Can I hold a corn syrup and sugar and water syrup at 260°F (126°C) for a few hours and still maintain it's soft ball stage. Evaporation of the water would be my concern. Maybe I could cover it with a lid?
A fascinating topic for all those interested in sugar-work! Though it looks like OP has abandoned the question, I'm still interested. :)
Specifically, refinements to your question might include:
Assuming nominal conditions (pure sucrose-and-water, sea-level pressure, that you started with a water-sugar mixture that you haven't already been boiling it for hours, etc.), your sugar syrup will be about 92% sucrose and 8% water (you'll get to pure sugar at about 200C). That is, the boiling point of a solution of water and sucrose of that concentration is 126C. Many references available, such as this one. After reaching that point, your water will continue to boil off, the sugar concentration will increase, the syrup's properties will change (e.g., temperature / boiling point will continue to increase), and it will continue to caramelize.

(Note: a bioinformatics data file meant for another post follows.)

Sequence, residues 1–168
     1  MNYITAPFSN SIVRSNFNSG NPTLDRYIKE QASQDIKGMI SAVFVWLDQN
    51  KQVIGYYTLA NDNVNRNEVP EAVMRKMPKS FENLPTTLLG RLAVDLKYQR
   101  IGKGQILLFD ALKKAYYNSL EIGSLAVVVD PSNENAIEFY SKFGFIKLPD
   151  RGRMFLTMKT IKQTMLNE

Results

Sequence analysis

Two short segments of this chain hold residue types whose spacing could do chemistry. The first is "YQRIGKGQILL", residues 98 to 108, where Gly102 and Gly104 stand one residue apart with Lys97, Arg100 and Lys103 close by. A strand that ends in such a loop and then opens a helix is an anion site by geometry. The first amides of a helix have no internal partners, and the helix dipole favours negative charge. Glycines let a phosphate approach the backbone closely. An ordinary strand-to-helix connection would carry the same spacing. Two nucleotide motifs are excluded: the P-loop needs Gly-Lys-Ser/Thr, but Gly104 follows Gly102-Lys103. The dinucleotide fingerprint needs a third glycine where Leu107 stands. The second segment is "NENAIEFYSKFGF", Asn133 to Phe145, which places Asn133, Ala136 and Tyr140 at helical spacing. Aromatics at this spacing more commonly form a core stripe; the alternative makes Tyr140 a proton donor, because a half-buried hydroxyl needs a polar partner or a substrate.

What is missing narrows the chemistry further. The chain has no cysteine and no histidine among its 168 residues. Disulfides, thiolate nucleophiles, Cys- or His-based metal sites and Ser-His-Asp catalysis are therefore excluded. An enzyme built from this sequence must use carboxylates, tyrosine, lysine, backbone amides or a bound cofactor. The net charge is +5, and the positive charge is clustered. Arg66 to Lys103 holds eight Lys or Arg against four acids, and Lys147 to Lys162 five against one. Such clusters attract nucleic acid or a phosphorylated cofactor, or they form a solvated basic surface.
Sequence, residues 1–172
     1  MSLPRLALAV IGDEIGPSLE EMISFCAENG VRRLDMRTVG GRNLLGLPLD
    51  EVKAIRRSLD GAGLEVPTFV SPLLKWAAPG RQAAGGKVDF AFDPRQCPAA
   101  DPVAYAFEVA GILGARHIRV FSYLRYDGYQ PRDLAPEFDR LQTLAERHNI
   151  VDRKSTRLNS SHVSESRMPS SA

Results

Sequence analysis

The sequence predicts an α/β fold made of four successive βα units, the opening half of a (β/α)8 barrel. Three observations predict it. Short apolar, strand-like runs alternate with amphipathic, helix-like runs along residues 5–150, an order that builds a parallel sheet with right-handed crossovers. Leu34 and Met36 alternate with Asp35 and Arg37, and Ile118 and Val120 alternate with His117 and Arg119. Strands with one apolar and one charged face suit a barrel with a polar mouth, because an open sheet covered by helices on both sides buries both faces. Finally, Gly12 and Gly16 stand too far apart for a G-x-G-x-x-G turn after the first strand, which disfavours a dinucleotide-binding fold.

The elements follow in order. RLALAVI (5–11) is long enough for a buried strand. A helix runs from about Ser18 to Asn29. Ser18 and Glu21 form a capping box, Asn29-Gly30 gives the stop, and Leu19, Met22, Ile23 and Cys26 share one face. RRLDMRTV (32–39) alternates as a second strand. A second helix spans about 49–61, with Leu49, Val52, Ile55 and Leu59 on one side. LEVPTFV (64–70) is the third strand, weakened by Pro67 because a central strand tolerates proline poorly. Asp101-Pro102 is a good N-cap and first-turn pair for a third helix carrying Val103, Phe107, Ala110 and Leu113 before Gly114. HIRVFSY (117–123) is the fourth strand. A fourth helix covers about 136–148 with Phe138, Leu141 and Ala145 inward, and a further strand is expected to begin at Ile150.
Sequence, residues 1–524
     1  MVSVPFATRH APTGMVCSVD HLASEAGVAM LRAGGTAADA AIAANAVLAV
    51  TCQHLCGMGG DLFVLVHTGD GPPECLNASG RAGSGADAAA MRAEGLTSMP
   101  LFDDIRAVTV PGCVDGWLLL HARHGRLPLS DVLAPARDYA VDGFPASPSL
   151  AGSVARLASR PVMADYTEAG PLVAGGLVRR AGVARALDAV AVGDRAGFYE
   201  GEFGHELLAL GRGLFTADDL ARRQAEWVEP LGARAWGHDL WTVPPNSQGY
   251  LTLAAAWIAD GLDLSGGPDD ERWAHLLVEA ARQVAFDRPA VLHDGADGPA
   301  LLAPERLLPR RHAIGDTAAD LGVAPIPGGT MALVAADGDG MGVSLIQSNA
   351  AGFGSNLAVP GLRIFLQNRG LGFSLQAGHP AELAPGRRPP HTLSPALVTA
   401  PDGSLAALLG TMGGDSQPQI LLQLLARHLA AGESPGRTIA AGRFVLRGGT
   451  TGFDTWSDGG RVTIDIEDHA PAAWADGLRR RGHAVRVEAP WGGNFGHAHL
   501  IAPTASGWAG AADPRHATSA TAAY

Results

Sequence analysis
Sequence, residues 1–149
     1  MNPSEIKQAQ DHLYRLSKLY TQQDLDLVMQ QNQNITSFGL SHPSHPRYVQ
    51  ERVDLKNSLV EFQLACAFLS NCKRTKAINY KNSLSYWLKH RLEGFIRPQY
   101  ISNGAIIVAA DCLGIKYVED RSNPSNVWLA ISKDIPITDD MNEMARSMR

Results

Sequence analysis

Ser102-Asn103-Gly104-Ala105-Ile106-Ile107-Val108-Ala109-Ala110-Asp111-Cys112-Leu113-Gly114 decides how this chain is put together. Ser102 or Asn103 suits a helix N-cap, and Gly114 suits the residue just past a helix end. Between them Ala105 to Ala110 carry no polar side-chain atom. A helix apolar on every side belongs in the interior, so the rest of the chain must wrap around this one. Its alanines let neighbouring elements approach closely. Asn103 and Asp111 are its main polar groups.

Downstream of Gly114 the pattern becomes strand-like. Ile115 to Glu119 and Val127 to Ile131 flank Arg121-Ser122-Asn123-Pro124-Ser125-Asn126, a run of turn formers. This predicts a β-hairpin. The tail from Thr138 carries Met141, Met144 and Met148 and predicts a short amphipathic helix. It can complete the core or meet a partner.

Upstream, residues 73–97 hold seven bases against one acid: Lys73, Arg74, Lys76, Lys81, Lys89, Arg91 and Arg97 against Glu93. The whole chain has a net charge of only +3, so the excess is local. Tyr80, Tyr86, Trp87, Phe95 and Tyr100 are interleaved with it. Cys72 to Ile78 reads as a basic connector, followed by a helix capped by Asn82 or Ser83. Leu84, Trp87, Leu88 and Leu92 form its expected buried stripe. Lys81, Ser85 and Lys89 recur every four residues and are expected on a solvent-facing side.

Any time you add other things (corn syrup, invert sugar, acid, fat, heat, ...) you'll change all of the above properties. Other stuff will happen: caramelization, inversion, etc... so you'll need to find what works for your application, your kitchen, your ingredients, your skillz, ...
A few brainstorm thoughts, basically revolving around the question: how about something besides pure sugar syrup?
Again, further information about the application would produce a better ratio of helpful information over speculation. :) I'm an enthusiast but no expert; helpful comments and critique or refinements welcome...
There is no water left to evaporate at 126°C, it is all but gone already.
Sugar does not melt like many other materials, is is breaking down with heat over 110°C ish, and turning into a liquid substance. Continued heating will result in a black mess.
You can keep it liquid and at a particular point (e.g. soft ball) by very careful heat regulation. Experiment with cyclic heat regulation (going from near solid to liquid and back again.
Each batch of sugar will have a slightly different "melting" point, so this is never a trivial exercise
Do not stir melted sugar, tilt the pot to move it if actually necessary.